A second filing asks the judge to have the town abandon all its previous actions related to the firearms proposal, and that it restart the entire planning over from the beginning.

At the meeting’s conclusion, Judge McNamara said that he would consider all the requests together, and announce his decisions soon.

Afterwards, if necessary, McNamara said he would rule on the larger question of how the town boards should proceed with the shooting range/retail store application.

This story first appeared in the InterTown Record of Sutton, New Hampshire, on July 4, 2017.




Warner planning board okays gun range, but court case will delay project

(Above: A stylistic illustration of the proposed gun shooting range/retail store in the area near the intersection of Route 103 and Warner Road.)

By Ray Carbone

WARNER – The town planning board has unanimously approved a proposal to build a $1.4-million, 11,800 square-foot shooting range and retail gun store on Warner Road, near exit 7 off Interstate 93.

But construction of the controversial project could still be sidetracked by a Merrimack County Superior Court case scheduled to begin this week.

The planning board held its sixth public meeting on the project proposed by Eric Miller of Sutton at the town hall on Monday, June 19. Miller wants to build a high-tech, 16-lane facility on a 2.9-acre lot adjacent to the Davisville State Forest.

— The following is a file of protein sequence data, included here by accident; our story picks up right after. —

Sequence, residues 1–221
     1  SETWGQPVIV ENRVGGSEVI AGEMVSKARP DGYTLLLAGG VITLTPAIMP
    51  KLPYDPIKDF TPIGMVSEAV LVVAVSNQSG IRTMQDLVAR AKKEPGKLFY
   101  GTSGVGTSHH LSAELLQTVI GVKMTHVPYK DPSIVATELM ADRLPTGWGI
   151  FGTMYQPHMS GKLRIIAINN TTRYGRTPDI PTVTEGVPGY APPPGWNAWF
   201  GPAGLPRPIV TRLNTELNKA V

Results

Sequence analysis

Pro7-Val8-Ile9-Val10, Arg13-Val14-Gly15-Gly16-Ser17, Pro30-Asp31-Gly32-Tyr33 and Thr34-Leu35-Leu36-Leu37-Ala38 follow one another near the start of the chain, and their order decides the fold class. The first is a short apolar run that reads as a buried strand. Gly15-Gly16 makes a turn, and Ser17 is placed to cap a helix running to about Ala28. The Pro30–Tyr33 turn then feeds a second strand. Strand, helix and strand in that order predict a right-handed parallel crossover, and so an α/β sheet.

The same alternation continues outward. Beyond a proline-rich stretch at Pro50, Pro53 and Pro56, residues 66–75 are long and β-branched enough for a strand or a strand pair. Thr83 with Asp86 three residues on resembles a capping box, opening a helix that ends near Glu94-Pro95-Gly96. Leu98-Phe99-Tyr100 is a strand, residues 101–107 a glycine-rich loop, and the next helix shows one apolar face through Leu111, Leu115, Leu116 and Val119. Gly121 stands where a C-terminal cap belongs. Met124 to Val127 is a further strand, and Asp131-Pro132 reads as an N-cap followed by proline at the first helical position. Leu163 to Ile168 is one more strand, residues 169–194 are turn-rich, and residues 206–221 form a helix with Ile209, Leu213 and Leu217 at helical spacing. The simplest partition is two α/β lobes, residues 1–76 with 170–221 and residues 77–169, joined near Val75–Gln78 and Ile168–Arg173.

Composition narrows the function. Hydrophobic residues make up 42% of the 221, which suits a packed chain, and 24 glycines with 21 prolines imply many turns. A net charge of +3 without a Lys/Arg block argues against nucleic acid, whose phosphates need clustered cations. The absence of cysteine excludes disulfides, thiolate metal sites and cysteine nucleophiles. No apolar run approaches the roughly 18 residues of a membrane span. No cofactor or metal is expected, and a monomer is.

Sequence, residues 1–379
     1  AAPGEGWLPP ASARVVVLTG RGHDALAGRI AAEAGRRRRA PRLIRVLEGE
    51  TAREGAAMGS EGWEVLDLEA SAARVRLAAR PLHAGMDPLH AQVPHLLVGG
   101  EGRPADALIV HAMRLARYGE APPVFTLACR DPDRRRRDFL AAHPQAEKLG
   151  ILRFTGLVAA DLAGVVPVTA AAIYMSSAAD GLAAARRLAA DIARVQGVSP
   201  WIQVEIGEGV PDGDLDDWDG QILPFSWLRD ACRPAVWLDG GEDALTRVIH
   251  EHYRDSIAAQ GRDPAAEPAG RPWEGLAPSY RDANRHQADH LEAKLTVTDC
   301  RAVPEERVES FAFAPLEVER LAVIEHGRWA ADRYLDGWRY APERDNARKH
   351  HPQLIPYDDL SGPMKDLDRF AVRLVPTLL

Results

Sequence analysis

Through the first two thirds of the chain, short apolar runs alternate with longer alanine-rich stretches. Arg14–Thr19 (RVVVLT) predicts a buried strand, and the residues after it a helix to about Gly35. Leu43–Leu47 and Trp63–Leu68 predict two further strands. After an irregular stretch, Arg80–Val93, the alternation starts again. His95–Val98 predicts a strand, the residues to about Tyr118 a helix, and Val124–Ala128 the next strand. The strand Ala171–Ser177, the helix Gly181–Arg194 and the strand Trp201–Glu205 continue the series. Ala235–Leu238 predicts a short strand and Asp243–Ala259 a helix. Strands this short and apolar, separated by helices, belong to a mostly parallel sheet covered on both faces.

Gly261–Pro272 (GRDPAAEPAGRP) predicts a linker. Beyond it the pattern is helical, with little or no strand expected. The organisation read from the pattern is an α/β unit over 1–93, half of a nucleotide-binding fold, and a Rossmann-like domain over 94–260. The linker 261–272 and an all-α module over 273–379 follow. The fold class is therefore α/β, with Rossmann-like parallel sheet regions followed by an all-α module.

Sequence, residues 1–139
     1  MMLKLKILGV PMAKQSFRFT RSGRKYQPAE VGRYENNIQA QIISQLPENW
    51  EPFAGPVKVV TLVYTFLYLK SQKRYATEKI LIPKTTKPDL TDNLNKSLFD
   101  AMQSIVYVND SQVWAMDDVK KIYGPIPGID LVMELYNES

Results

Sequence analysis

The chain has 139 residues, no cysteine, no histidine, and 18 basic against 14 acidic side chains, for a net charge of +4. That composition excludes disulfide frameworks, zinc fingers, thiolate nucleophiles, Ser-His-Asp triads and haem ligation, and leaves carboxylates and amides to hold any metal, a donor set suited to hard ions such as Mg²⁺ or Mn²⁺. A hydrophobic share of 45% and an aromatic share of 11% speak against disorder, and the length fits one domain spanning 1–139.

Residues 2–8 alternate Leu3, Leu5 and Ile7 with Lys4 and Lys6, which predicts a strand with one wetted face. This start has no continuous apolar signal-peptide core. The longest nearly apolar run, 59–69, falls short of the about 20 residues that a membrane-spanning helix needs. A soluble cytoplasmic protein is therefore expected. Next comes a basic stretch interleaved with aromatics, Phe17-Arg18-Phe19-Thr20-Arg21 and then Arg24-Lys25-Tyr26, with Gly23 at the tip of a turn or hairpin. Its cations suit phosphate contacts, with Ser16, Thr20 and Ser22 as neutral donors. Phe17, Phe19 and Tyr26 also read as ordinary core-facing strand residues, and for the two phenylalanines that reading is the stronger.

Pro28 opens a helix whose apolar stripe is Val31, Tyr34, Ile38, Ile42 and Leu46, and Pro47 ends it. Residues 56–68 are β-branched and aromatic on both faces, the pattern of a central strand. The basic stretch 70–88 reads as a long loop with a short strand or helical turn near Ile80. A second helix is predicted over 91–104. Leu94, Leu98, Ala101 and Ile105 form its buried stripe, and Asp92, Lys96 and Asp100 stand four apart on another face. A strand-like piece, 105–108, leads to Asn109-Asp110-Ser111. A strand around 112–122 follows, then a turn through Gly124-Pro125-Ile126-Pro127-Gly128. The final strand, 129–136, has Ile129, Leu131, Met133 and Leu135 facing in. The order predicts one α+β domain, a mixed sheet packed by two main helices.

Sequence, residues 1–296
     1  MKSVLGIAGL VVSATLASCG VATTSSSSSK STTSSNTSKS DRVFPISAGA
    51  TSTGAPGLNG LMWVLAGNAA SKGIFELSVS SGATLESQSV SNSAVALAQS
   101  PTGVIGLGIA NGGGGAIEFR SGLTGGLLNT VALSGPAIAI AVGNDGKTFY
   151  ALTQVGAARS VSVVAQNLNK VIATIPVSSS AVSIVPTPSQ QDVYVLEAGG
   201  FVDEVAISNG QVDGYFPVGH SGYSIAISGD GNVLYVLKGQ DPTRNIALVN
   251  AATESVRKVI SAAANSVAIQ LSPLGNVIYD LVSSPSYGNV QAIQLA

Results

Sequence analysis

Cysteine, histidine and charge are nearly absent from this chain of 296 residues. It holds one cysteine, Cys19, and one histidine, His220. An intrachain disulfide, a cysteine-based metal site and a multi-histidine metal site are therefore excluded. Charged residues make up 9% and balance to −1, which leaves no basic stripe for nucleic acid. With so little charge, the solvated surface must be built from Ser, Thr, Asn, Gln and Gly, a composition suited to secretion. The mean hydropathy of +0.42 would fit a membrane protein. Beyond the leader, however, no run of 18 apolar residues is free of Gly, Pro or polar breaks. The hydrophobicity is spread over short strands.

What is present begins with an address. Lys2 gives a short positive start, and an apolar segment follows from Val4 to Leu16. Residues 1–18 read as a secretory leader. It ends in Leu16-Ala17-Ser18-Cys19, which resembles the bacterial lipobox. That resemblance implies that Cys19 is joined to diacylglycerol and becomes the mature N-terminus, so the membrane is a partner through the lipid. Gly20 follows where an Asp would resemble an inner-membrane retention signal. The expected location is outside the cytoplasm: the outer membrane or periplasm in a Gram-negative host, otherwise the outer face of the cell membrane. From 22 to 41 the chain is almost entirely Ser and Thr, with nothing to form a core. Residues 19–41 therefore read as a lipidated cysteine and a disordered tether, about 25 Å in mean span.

Some area residents are in favor of the facility, but others say having a shooting range in the area is a bad idea. Several Hopkinton residents who live nearby as well as officials with the Hopkinton school district, are against the idea; Hopkinton Middle High School is located several miles from the land.

‘A shooting range is consistent with the zoning district. And, it would be inappropriate and illegal to chose winners and losers among (local business operations.)’ 

– Planning Board Chairman Ben Frost

The most prominent opposition has come from Norman Carlson, the founder and president of Madgetech, LLC, the town’s 20-year-old high tech company. Carlson’s plant is next to the proposed site and he’s said he will move the facility out of Warner if the shooting range is built. Some of his 50-plus employees have safety concerns about the nearness of the gun range, he’s said.

At the June 19 meeting, both Carlson and his attorney, Paul Alfano of Concord, displayed some displeasure with the planning board’s activities.

Vice-chairman Barbara Annis said that workers at the new shooting facility would be paid more than minimum wage, similar to Madgetech’s employees. A few moments later, Davis was answering a board member’s question about the ambient noise level at the proposed facility when Alfano asked if he could also respond.

Chairman Ben Frost turned the request aside, saying that the public hearing portion of the case had already been closed.

“I’d like to see the study (Mr. Davis mentioned),” the lawyer replied. “Our whole emphasis (in the court challenge) has been to provide information that’s specific to this site.”

Davis said it would be difficult to accurately measure noise from the shooting facility because of other ambient noise sources in the area.

“I could measure it,” Carlson retorted.

Earlier in the meeting, the board reviewed an environmental impact report that focused on how Davis’s facility with deal with hazardous materials, including lead. The members asked the prospective owner to agree to abide by recommendations in the report, and Davis did so.

The group also asked the new facility’s owner to specifically ban alcohol and illegal drugs from the premises, and to post a sign about the restriction. Again, he agreed.

Before the board’s final vote on the project, Alfano noted that Davis had submitted additional information about his project only days before.